Lloyd Whaley & Los Altos
In 1935, 29-year-old Lloyd S. Whaley left the farm life he knew in
Nebraska and headed west. He took a job as a laborer in the ’s lumberyards. While working there he befriended local
contractors and suppliers and soon found himself designing, building and
selling “speculative” houses near Port of Long Beach . This was just the start of what would become
a tremendous real estate career. In
1939, Whaley founded the Home Investment Co. and purchased land in Jordan
High School West Long Beach from rancher Jim Tolbert. Will-O-Vere Park, Whaley’s first major
housing effort, was built in the early 1940s north of Willow Street and west of
Santa Fe Avenue. He named the
developments' main drive “La Vere” after his wife, and dubbed a street ‘Rodloy”
for his sons Rodney and Lloyd Dale. Within 15 years he built 5000 homes, 525
rental units, and 35 commercial buildings, most in the Long Beach area.
During World War II, Whaley developed the Wrigley Terrace and
Heights neighborhoods, and transformed
the rolling knolls east of Long
Beach Boulevard and north of San Antonio Drive into Country Club
Manor, and Ridgewood Manor. Because of restrictions on materials for
wartime home builders, Whaley met his customers halfway by supplying them with a
concrete garage foundation that could be finished when the war was over. He later took care of his materials problems
by establishing the Whaley Lumber Company at Cherry Avenue and Artesia
Boulevard in North Long Beach. The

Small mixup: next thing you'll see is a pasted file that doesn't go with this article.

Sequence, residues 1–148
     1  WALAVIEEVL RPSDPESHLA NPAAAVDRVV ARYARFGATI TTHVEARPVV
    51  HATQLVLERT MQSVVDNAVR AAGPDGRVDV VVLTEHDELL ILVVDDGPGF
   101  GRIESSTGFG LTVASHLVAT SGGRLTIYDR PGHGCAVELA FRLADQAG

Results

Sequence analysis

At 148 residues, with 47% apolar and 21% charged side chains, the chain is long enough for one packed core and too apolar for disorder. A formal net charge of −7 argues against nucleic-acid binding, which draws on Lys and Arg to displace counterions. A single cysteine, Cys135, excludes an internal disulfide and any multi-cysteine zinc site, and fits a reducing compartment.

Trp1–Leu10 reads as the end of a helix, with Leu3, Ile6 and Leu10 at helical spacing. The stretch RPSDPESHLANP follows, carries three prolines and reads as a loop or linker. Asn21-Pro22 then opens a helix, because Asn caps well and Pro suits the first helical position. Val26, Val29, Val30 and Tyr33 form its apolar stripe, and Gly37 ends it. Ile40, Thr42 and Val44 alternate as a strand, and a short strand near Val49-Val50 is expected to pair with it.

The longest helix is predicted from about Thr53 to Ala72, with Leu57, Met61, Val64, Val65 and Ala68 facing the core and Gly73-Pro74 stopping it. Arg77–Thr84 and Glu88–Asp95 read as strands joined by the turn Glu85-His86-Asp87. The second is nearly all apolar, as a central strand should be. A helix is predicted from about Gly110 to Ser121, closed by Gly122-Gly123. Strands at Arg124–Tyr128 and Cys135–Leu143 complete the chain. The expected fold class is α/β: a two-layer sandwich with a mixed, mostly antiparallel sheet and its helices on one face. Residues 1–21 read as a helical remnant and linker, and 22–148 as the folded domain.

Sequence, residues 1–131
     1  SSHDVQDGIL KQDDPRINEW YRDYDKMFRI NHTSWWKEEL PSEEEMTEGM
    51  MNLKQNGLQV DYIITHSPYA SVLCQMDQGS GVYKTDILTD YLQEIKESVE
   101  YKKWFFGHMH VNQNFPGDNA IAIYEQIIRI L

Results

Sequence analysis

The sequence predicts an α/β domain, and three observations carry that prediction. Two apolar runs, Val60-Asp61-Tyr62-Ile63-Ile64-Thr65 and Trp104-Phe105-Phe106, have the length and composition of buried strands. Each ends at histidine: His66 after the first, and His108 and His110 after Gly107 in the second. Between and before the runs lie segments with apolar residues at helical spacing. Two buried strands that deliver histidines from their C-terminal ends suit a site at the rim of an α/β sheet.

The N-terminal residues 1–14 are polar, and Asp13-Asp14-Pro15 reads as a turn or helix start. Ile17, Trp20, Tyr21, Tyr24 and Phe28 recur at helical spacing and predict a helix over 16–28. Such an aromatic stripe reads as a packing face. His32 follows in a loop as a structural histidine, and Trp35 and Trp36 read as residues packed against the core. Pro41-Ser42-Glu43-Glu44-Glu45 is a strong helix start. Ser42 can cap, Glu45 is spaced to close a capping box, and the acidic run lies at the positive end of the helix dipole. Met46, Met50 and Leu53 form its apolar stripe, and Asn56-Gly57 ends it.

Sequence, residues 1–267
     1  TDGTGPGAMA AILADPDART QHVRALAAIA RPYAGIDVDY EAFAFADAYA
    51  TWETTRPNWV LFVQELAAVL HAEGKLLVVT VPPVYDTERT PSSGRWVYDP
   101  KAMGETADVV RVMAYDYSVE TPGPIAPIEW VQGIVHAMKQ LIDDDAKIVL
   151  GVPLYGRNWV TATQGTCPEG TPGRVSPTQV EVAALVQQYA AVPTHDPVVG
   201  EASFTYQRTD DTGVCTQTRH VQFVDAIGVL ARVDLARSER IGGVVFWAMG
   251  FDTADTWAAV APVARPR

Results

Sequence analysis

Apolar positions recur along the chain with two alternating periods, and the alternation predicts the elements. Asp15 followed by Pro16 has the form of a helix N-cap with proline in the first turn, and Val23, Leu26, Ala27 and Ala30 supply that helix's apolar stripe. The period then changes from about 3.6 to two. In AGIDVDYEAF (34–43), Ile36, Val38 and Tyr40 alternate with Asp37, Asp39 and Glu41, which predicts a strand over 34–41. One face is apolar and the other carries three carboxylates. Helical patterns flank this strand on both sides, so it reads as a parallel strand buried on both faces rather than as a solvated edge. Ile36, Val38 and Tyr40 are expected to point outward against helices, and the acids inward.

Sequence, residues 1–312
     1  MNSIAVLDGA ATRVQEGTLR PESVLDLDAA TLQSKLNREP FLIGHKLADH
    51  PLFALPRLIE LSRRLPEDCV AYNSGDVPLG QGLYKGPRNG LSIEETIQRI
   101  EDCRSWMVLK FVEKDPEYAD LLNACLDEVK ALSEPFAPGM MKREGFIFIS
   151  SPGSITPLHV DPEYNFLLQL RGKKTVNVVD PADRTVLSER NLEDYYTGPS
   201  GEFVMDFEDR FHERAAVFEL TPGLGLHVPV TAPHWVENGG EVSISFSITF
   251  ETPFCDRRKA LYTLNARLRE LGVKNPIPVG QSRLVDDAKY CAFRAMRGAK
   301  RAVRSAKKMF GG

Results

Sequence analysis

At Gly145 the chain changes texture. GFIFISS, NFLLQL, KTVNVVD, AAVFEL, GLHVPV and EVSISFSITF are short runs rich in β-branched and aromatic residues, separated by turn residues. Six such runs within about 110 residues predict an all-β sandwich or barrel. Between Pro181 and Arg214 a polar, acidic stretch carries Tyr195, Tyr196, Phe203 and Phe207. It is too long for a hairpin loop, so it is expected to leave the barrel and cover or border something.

one-time lumberyard laborer also acquired two logging operations and sawmills
in Ridgewood Heights Northern California.
|Plans for Los Altos Manor. Lloyd Whaley on right.|
When the war ended, Whaley quickly positioned himself to serve the army of home buyers who soon would be getting their discharge papers. In April 1946, Whaley purchased several parcels of land from Susanna Bixby Bryant and created the area of
Long Beach which would become known as Los Altos.
Housing development with names such as Los Altos Terrace, Los Altos
Manor, University Manor, Park Estates and Los Altos Village popped up on land
once called “Alkali Flats” because of the strong alkaline content of its mostly
marshy soil. But Whaley didn’t forget
the woman who sold him the land. In
honor of Mrs. Bryant he named the new
post office the Bryant post office. He
also named Los Altos Village Bryant Road,
his most exclusive street in luxurious Park Estates, after the same family.
On May 9, 1948, developer Lloyd S. Whaley disclosed plans for his huge
Los Altos Park subdivision on Pacific Coast Highway, northeast of .
With architect Hugh Gibbs, Whaley was planning a $13 million business
and residential community which would include a civic building, church, theater
and 10-story hotel. The principal street
in the new Recreation Park Los Altos community was to be named
for Barbara Britton, a Long Beach
girl who won fame in motion pictures. Britton Drive would
connect the new shopping center with a 12-acre elementary school site.
|Los Altos Hardware store. 1951.|
In November 1948, Whaley broke ground for the first phase of his residential element --- Los Altos Terrace and Los Altos Manor. The Terrace and Manor combined had 1477 residences and a business center on
Bellflower Boulevard. In fact Bellflower Boulevard would be the
separating line between the two developments.
Homes started at $7850 and included a stove, refrigerator and a new
invention --- the garbage disposal.
Whaley’s plan for Los Altos
would win him first place in the National Association of Home Builders regional